By Elizabeth Heubeck, For The Baltimore Sun | August 11, 2013
Josephine Grant never knows what she'll find at her doorstep when she comes home. The biggest surprise came when she returned from school one day last spring to a stack of 10 enormous cardboard boxes, each containing dozens of baby bottles. No one in her family could use them. But nearby, there was a great need for the bottles, and Grant knew what to do. This "hobby" of Grant's started when she was 13. "My little cousin was born with Goldenhar syndrome, was always in and out of the hospital, and never had anything to do while in there," she said.
NEWS
By John E. McIntyre and The Baltimore Sun | February 25, 2013
  “Grammarnoir 5: The Shame of the Prose” is a four-part serial, running on Mondays from February 11 until the thrilling conclusion on March 4, National Grammar Day.  Grammarnoir is a work of fiction.  Any resemblance of characters to any persons, living or dead, is purely coincidental. Part 1: See a Fellow About a Scam Part 2: The Capo   Part 3: Cocktails with Colleen Colleen Newvine was the Stylebook 's hotsy-totsy enforcer.
FEATURES
By Michael Ollove and Michael Ollove,SUN STAFF | August 22, 1997
On paper, infertility would seem a distasteful subject matter for light comedy. On screen, it only gets worse."A Smile Like Yours," featuring a terminally bland Greg Kinnear and a too precious Lauren Holly (both in "Sabrina"), is a massive miscalculation. The humor, straight out of a junior-high sex education class, is adolescent in its mockery of the truly embarrassing and painful procedures infertile couples endure. What could be funnier?Kinnear is Danny Robertson, the owner of a small construction company, and Holly is his wife, Jennifer, who sells perfumes as aroma-therapy.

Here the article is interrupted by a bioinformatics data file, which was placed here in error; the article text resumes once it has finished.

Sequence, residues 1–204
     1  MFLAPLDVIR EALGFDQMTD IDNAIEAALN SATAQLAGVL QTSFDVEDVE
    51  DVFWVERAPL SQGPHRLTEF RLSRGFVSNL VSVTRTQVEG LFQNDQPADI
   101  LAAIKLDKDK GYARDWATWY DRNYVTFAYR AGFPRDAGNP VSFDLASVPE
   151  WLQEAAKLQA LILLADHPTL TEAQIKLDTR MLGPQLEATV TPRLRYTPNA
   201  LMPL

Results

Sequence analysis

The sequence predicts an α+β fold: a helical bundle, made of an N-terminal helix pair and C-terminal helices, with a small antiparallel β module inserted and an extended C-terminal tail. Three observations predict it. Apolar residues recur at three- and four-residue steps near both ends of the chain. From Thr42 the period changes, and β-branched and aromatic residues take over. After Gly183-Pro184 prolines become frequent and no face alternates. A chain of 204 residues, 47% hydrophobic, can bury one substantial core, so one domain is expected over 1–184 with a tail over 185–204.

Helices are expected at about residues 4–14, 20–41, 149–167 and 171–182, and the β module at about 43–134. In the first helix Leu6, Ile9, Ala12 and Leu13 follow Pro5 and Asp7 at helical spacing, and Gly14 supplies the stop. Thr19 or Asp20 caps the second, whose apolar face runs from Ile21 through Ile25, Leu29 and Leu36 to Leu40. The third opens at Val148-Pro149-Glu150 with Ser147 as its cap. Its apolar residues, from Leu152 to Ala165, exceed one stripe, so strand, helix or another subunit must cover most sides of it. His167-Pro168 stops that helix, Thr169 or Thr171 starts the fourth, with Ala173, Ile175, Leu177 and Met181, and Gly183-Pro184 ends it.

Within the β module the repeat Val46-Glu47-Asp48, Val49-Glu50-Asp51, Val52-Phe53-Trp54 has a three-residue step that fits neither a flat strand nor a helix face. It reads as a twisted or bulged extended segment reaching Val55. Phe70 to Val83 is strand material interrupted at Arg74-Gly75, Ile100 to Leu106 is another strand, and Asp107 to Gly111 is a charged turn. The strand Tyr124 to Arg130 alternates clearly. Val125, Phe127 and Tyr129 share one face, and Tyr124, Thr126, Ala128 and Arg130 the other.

SPORTS
By Tom Schad, The Baltimore Sun | February 12, 2013
Antwan Reddick leaned against the padded blue walls of the Owings Mills wrestling room and smiled. With a 26-1 record this season, the 152-pound senior hopes to win his third straight county title in this weekend's Baltimore County championships at Franklin. The first two came in Prince George's County while he wrestled at DuVal, and he finished as the Class 4A-3A runner-up last season at 138 pounds. Yet sometimes it's hard for him to smile. Since he was 5 years old, Reddick has been in foster care.
NEWS
Dan Rodricks | January 12, 2013
Ten years ago, a debilitating heart attack left Bernie Weisman unable to walk or talk, and yet the rabbi at his recent funeral said Bernie never had a bad day. With confidence the rabbi made that remark, having been assured by those closest to Bernie that the happy spirit he displayed for his first 55 years remained for the last 10. Such a spirit is not easily disabled. "At the end of his 65 years of life," Rabbi Dana Saroken of Beth El Congregation said at last month's funeral, "this is who Bernie was and who he always will be — a man who lit up the room wherever he was, a man who, despite any circumstances, never had a bad day, who smiled from morning until night; a man you could meet and within five minutes you would fall in love; the most generous and giving person who couldn't do enough for you, who never had an unkind word to say about anyone, who made time for everyone, and would even answer the phone lovingly — 'Hey doll!